F&G 19′ Flower Pots

Not an exciting name, but descriptive, read on……….

No surprise, flower pots abound at the Flower & Garden Festival.  As I’ve been walking around these last several weeks, a few floral spots caught my eye.  Here you go with a mini tour of World Showcase.

I LOVE all of the pots at the Italy pavilion.  And this photo is not even half of the pots in this one display along the water!


Now turn around 180 degrees and you see this flower tower surrounded with more pots.


If you haven’t visited Epcot, the structures in the background won’t mean much, but they remind me of our trip to Venice last year.  It was a fun time with good friends.  🙂    Okay, back to World Showcase…………


Around a corner in the Italy pavilion, this little flower nook can be found.  There’s a bench nearby-sorry, when taking the photo, I deliberately cropped it out (Argh – photo-shop remorse).   This would be a great place for grandma & grandpa to relax while family is rushing around here & there, trying to fit everything in their visit.  It’s tree-covered & shady, away from the throngs guest traffic yet close enough to enjoy the ambiance of the park and take the take to smell the flowers!


It was about this time of wandering when the wide variety of flower pots really stoked my (scientific) interest, thus I did a little research and now I’m sharing.

  • Terracotta is refined clay, formed to a desired shape, dried then placed in a kiln to be ‘fired’.
  • If a potter’s wheel is used, this clay item is now called ‘earthenware’ pottery instead of terracotta.
  • Ancient Greeks (3000-1500 BC), India, Pre-colonial West Africa and the Chinese were using terracotta as sculptures and building material way before anyone else.

Okay, back to the tour. I loved these square pots and they are found in several different pavilions.   The second photo is near the Morocco pavilion.



I can’t even imagine the skill and work that went into these round pots with sculptured faces (or the angst of delivering them – yikes).  Or the required handling once potted and placed in this garden near the Germany pavilion.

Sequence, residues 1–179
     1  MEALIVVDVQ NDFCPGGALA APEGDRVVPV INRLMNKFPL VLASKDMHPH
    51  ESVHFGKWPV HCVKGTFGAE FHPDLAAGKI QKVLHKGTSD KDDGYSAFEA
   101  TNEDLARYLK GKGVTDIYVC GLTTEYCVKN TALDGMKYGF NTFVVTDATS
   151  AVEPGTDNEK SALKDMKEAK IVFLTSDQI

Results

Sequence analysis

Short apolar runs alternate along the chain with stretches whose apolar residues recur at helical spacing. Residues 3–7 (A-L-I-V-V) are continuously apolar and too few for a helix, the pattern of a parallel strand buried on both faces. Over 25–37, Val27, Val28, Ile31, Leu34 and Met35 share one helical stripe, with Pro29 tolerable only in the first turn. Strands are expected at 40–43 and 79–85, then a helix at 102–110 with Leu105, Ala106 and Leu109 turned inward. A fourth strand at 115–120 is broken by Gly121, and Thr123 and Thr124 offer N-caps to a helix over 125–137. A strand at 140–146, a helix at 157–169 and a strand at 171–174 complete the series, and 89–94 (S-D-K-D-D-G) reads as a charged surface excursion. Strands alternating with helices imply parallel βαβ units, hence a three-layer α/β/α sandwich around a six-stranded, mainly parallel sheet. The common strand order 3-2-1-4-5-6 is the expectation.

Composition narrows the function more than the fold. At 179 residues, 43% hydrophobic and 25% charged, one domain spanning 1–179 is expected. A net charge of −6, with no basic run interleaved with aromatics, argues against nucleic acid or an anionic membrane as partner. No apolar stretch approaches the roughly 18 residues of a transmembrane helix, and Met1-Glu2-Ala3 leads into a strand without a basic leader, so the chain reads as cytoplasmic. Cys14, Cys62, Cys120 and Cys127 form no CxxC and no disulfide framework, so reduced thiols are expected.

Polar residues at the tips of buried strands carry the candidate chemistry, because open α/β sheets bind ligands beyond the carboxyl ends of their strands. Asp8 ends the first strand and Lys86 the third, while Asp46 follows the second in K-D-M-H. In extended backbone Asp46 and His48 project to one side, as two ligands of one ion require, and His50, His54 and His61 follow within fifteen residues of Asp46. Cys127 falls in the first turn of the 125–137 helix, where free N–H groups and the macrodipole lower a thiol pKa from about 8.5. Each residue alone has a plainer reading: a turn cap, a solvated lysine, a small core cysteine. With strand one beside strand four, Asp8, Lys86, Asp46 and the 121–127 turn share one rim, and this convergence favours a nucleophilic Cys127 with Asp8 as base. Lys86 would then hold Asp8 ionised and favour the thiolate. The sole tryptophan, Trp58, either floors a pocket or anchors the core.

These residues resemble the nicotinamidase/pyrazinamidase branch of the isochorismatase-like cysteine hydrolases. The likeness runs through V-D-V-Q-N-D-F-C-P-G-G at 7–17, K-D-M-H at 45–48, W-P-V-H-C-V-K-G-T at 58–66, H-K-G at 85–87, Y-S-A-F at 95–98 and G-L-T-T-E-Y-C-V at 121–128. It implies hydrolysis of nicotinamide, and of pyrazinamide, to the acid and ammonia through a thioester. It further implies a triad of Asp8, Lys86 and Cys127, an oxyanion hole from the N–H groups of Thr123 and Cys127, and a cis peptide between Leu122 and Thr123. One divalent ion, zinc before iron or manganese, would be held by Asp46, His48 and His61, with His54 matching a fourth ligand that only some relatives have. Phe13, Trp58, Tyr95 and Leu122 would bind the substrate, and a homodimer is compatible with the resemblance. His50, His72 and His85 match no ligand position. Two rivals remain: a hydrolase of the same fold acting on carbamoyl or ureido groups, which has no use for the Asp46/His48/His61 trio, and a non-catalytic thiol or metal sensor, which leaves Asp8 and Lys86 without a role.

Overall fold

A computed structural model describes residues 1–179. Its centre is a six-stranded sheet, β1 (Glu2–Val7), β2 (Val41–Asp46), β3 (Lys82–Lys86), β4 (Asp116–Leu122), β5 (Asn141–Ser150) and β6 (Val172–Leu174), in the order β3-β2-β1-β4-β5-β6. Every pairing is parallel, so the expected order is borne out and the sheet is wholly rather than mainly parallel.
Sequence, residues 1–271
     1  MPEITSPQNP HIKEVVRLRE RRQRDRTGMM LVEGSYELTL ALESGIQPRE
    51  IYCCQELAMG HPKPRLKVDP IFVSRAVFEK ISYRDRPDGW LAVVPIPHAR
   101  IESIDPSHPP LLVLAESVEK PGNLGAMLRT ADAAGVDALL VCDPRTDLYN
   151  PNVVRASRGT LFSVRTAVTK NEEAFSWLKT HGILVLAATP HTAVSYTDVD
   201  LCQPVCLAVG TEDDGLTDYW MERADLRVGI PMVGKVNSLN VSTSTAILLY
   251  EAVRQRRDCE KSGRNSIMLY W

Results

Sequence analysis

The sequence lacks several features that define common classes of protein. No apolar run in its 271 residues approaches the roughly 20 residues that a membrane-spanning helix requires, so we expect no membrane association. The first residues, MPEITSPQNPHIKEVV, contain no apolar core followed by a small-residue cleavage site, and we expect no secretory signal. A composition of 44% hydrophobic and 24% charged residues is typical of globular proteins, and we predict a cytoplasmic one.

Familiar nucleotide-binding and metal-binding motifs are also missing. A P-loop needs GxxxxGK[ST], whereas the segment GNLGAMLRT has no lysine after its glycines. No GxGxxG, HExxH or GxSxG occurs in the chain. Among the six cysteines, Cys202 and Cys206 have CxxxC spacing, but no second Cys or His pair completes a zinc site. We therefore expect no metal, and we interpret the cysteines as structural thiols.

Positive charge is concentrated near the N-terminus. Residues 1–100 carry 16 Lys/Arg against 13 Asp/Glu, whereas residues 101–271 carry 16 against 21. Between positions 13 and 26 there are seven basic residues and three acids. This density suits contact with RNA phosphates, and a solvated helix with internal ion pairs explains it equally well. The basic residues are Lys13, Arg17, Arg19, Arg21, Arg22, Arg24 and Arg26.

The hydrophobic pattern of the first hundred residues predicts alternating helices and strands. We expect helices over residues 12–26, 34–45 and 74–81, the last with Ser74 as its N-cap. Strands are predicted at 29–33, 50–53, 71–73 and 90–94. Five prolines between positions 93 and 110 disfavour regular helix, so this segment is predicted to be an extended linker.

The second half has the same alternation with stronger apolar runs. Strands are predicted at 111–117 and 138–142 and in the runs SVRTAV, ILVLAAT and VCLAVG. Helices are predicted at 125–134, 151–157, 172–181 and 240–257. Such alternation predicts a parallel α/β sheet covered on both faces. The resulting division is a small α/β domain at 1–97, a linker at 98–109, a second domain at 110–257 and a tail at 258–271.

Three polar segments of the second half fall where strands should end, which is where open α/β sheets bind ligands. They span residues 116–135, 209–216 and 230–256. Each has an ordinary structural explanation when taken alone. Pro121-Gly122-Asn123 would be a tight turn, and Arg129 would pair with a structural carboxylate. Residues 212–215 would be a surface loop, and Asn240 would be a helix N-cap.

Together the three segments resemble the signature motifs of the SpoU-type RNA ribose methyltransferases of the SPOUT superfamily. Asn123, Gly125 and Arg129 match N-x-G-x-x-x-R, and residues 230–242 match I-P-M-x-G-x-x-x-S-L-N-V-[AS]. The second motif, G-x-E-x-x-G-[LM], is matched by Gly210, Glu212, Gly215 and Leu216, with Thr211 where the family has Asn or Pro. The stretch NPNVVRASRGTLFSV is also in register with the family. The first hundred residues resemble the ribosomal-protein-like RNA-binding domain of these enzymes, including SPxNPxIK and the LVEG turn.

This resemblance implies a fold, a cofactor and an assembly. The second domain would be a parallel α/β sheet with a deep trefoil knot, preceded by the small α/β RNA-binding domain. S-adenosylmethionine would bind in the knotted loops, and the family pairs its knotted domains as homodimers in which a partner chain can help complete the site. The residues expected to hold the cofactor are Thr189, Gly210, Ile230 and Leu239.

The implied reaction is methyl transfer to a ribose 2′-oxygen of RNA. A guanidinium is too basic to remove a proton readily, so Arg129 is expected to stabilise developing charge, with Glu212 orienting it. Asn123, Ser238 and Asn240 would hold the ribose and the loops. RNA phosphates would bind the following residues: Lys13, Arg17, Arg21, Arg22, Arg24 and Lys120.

• In the 18th century unglazed terracotta became fashionable for pots and sculptures, before that time a glaze was utilized. 
  • The iron content of the clay, reacting with oxygen, gives the pot its reddish color.
  • Terracotta pots can also be yellow, orange, buff, red,  pink, grey, brown and white-colored.

It would be so boring if all pots were terracotta……………and this Festival isn’t boring.  The Japan pavilion showcased a different type of growing called Kokedama without any pot per se.



Now here’s another way to use trash cans and metal buckets…………


The gardens in the United Kingdom pavilion showcase elements of a cup of tea and what better way to highlight those plants than in a (gigantic) teacup.  These measure approx 2 feet tall by roughly 18″ wide – very cute.  Each of the pots has a tea tag, listing the plants involved in the tea profiles.


Of course, growing can happen vertically, as seen in these wooden towers.  Herbs mix it up with flowers to create a pretty and functional planting (if you cook).  😉


There are other extra touches as you wander the park.  The iron railing (preventing guests from sitting on top of the ledge) also allowed for more flower pots.  Loved capturing the Eifel tower in the background (that was planned, ha!).


Okay, so while there are numerous elements going on during the Festival, I wanted to feature one of the stars……………….the flowers!

A nice way to end this post is with this red, white & blue flower pot from the American Adventure pavilion.







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